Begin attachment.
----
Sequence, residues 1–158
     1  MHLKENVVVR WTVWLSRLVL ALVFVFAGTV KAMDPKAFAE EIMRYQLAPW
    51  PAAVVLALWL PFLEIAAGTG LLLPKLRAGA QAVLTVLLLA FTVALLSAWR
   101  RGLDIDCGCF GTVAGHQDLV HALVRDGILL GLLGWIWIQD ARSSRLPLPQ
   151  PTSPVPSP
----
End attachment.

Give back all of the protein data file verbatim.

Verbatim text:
Sequence, residues 1–158
     1  MHLKENVVVR WTVWLSRLVL ALVFVFAGTV KAMDPKAFAE EIMRYQLAPW
    51  PAAVVLALWL PFLEIAAGTG LLLPKLRAGA QAVLTVLLLA FTVALLSAWR
   101  RGLDIDCGCF GTVAGHQDLV HALVRDGILL GLLGWIWIQD ARSSRLPLPQ
   151  PTSPVPSP